It was officially reported that this document was the joint effort of Metropolitan Hilarion (Alfeyev) from the Orthodox side and Cardinal Koch with the Pontifical Council for Promoting Christian Unity from the Catholic side. For a document that was intended to be not theological, but essentially socio-political, it is hard to imagine a weaker team than the one that drafted this text. The mentioned Pontifical Council is competent in theological matters in relations with various Christian Churches and communities, but is no expert in matters of international politics, especially in delicate matters such as Russia’s aggression in Ukraine. Thus, the intended character of the document was beyond their capabilities. This was exploited by the Department of External Affairs of the Russian Orthodox Church, which is, first of all, the instrument of diplomacy and external politics of the Moscow Patriarchate. I would note that, as the Head of our Church, I am an official member of the Pontifical Council for Promoting Christian Unity, nominated already by Pope Benedict. However, no one invited me to express my thoughts and so, essentially, as had already happened previously, they spoke about us without us, without giving us a voice.

(Emphasis supplied.) This is all hugely interesting and very important business, and, for our part, that Patriarch Sviatoslav is so clear and precise the situation.

Update on Catholic Action

Updating our Link Roundup from yesterday, we note that, at The Josias today, “Petrus Hispanus” responds to Gabriel Sanchez. Notably, “Petrus Hispanus” argues,

Leo XIII and St. Pius X favored the strategy of Catholic Action because they came to believe, as a matter of strategy, that still-dominant Catholic majorities in many countries could be rallied under a single party in order to use democracy as a weapon against liberalism. The faithful majorities, it was hoped, would vote liberalism out of existence under the leadership of Catholic Action parties. From this miscalculation, possibly brought on by the success of German Catholics against Bismarck, would ultimately come that spectacle of progressive alignment of Catholic politicians with liberalism that was “Christian democracy.”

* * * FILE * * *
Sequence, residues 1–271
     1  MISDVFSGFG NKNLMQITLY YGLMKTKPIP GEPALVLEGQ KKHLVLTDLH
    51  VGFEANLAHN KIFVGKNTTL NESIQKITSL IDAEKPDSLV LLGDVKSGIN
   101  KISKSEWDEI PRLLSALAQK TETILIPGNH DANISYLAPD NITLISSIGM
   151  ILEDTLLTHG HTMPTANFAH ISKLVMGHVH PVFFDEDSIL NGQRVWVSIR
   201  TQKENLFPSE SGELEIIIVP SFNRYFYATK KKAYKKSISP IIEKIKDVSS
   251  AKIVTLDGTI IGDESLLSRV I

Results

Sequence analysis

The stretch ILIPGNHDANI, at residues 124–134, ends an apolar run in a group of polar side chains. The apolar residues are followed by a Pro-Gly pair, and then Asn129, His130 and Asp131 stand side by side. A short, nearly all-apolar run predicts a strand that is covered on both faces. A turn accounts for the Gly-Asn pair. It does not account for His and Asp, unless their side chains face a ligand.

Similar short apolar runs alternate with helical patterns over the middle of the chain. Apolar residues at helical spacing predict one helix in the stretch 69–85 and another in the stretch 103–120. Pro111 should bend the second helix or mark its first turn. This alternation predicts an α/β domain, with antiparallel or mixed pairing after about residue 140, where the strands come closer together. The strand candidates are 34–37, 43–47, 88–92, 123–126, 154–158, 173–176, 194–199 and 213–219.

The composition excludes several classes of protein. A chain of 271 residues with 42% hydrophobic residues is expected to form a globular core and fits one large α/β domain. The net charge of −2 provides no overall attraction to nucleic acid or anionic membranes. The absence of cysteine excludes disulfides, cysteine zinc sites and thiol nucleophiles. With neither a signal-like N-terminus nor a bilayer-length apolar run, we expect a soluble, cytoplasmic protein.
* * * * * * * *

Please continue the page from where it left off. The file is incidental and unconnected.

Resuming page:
All of this, of course, is not to impugn on the many excellent things done by Catholic Action in many countries, or to judge the motives these saintly and venerable Popes had in favoring it. Indeed, under the circumstances they faced, it is difficult to imagine what alternative they had in most cases, seeing as the political links with the ancien régime had almost entirely vanished and a new way of “doing Catholic politics” needed to be implemented seriously, one to which the example of Germany and others gave true practical plausibility.  

(Emphasis supplied.) This is a fascinating debate, which we shall continue to follow with great interest.

A little more on socialism after Iowa

No sooner did we discuss whether a Catholic could support Bernie Sanders due to Sanders’s self-identification as a democratic socialist did Fr. Dwight Longenecker take up the question at Patheos. Ultimately, he argues that a Catholic could vote for a democratic socialist, but that Sanders’s standard-issue positions on abortion and marriage are serious problems for Catholic voters. (He cites a 2002 voter’s guide, which does not appear to have been updated to reflect Cardinal Ratzinger’s 2004 memorandum.) This is, of course, more or less what we said, but we still think that Sanders’s concept of socialism remains, by and large, too murky to make a clear up-or-down decision. As it stands—and notwithstanding Longenecker’s citations to Benedict XVI—it unclear to us what is distinctively socialist about Sanders’s position. Based upon some prepared remarks of his from November, it is far from clear that his concept of socialism is actually socialism as the Church has long understood it. (Cf. 3 Grenier, Thomistic Philosophy, nos. 1150–51.) But, as Paul VI noted, that does not mean that there are not connections between Sanders’s thought and more explicitly (actually?) socialist thinking, with all of its implications.